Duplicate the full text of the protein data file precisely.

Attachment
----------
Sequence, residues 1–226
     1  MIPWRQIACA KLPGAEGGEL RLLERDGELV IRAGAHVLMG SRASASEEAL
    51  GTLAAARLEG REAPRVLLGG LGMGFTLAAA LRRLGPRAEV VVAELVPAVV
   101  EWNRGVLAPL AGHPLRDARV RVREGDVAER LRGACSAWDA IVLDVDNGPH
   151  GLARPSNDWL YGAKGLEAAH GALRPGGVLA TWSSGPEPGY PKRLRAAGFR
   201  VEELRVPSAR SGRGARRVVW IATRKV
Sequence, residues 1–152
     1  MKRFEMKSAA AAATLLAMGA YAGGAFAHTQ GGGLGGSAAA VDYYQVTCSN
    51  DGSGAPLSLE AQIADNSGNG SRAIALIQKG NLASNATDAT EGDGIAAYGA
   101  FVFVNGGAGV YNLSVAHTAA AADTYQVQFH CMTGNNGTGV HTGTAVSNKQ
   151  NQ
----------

Sequence, residues 1–226
     1  MIPWRQIACA KLPGAEGGEL RLLERDGELV IRAGAHVLMG SRASASEEAL
    51  GTLAAARLEG REAPRVLLGG LGMGFTLAAA LRRLGPRAEV VVAELVPAVV
   101  EWNRGVLAPL AGHPLRDARV RVREGDVAER LRGACSAWDA IVLDVDNGPH
   151  GLARPSNDWL YGAKGLEAAH GALRPGGVLA TWSSGPEPGY PKRLRAAGFR
   201  VEELRVPSAR SGRGARRVVW IATRKV
Sequence, residues 1–152
     1  MKRFEMKSAA AAATLLAMGA YAGGAFAHTQ GGGLGGSAAA VDYYQVTCSN
    51  DGSGAPLSLE AQIADNSGNG SRAIALIQKG NLASNATDAT EGDGIAAYGA
   101  FVFVNGGAGV YNLSVAHTAA AADTYQVQFH CMTGNNGTGV HTGTAVSNKQ
   151  NQ